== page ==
Throughout school, I had always felt certain that I would choose to study English Literature at university; however, after a stressful period of indecision, I changed last minute and applied for Chemistry. In 2017, I started studying Chemistry at Durham. I am now in the final year of my integrated Masters.
The decision ultimately rested on a few factors, but what finally convinced me was the unified knowledge throughout Chemistry, though at that stage I had only a limited conception of what that might mean. I felt that the atom, despite having been presented to me in a simplified form, was remarkable: an understanding of it seemed to explain so much about the world. Just from knowing an atom’s electronic configuration, you could predict how it would react, which elements it shared properties with, or what its appearance might be. In my mind, the purpose of science was to uncover the forces that govern our existence and describe them, so that they might be applied to phenomena not yet understood.
To me, Chemistry seemed like an important and relevant venture: unlike the study of History and English, which at times felt like a futile pursuit of disparate facts, I imagined that chemical knowledge might be acquired in a ‘layering’ manner, with each bit of information learned adding directly upon the existing. This way, a cohesive overall understanding of the subject could be obtained. Also, it was appealing that Chemistry can provide one ‘correct’ answer, rather than a frustrating assortment of differing opinions.
After starting my degree, I realised that there were several inaccuracies in this view: there are, for example, many areas in which experimental evidence has proved inconclusive, or where the governing ‘rules’ fail to hold. It would be incorrect to claim that all chemical knowledge is truly ‘cohesive’ in this sense, as it is inevitable that there will be an exception to every trend. It also inevitable that, since Chemists are ultimately only able to determine what is most probable rather than what is absolutely ‘true’, certain scientific models explain might certain phenomena better than others, and so may be selected based predominately on convenience.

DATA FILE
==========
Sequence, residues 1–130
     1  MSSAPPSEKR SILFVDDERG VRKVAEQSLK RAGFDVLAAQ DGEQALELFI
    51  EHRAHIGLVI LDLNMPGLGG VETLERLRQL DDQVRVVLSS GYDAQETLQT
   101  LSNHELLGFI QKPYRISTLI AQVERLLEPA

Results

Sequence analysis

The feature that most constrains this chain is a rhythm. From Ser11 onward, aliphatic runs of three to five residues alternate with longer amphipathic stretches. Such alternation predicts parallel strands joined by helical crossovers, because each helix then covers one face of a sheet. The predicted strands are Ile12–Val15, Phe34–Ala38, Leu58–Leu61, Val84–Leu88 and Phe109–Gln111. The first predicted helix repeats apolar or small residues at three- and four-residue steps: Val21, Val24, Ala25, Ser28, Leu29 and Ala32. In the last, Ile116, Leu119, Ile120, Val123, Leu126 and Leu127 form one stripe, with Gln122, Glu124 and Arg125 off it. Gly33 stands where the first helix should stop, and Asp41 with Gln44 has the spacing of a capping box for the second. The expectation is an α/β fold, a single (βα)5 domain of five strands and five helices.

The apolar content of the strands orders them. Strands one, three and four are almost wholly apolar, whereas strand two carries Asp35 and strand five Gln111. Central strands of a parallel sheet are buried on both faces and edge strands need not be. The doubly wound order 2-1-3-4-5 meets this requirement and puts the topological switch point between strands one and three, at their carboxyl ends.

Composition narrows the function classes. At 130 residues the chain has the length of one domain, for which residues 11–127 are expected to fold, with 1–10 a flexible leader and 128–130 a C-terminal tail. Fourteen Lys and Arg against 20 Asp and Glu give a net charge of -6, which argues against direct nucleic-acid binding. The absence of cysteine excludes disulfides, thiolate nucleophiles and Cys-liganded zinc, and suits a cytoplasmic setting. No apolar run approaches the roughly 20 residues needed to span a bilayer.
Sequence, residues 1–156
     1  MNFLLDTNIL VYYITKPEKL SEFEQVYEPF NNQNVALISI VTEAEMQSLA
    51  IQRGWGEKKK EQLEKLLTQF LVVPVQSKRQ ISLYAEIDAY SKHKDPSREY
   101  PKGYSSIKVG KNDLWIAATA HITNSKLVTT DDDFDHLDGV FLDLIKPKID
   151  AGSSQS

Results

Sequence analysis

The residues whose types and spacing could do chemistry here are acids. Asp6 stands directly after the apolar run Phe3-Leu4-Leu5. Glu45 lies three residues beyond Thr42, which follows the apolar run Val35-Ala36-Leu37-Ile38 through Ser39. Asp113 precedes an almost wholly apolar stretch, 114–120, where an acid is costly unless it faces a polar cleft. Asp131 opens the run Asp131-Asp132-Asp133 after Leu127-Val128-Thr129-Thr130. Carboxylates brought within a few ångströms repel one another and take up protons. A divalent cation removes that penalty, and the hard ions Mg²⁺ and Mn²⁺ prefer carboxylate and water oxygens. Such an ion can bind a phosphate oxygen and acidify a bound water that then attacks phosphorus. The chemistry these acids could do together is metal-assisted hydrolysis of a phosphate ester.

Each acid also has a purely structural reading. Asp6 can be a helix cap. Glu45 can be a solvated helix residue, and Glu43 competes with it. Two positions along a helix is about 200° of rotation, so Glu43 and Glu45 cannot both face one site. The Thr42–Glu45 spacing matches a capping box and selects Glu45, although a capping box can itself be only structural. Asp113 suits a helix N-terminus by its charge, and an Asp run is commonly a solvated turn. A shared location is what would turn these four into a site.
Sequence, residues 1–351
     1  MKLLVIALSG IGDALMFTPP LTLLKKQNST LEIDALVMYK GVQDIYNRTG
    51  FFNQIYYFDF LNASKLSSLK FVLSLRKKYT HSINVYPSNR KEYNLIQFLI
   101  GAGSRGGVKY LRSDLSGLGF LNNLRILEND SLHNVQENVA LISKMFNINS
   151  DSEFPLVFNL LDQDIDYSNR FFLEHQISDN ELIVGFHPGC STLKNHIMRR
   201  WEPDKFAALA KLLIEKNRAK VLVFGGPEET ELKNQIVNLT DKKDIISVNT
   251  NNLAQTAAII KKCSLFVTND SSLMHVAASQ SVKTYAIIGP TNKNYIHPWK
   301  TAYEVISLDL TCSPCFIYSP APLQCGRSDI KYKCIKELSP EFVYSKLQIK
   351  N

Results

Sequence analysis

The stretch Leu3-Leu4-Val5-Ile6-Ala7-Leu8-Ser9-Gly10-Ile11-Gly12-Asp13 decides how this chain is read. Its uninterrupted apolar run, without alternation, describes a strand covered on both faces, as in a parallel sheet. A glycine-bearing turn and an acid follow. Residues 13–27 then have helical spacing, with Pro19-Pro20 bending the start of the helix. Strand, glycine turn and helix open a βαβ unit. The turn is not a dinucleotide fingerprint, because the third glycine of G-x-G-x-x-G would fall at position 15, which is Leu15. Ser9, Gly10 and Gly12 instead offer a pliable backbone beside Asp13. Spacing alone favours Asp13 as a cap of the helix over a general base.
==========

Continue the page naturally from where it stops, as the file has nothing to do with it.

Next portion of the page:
However, I am consistently impressed by the ability of Chemistry to review itself through experimentation: the exactness with which experimental conditions are reported ensures that methods are reproducible, while allowing researchers to build upon (and if necessary, correct) knowledge obtained by those before them. Scientific progress rarely resembles in practice the romanticised portrayal it is often given in literature or in films: it is, in reality, based on hard work and substantial data analysis, and perhaps more dependent on chance than on ‘genius’. Nevertheless, given the certainty of further discoveries in the future, there is a clear sensation of moving forward, and therefore of optimism; it is for this reason I find it so compelling.
Ultimately, Chemistry is one of countless techniques used to understand the world. Many might feel that the insight into emotion and beauty provided by English Literature lends the subject greater resonance than that which takes place in the uncompromising sterility of a lab.
Personally, I feel that Chemistry’s overwhelming reliance on experimental evidence makes the concepts we learn about seem more tangible. Yet I have often reflected on the similarity in thought process between, for example, establishing the identity of a molecule from its NMR data, and writing an English essay: there is a comparable focus on a central concept while an argument is carefully constructed around it, eventually taking a more solid form as relevant facts are assembled. Perhaps science and humanities subjects are not so different after all.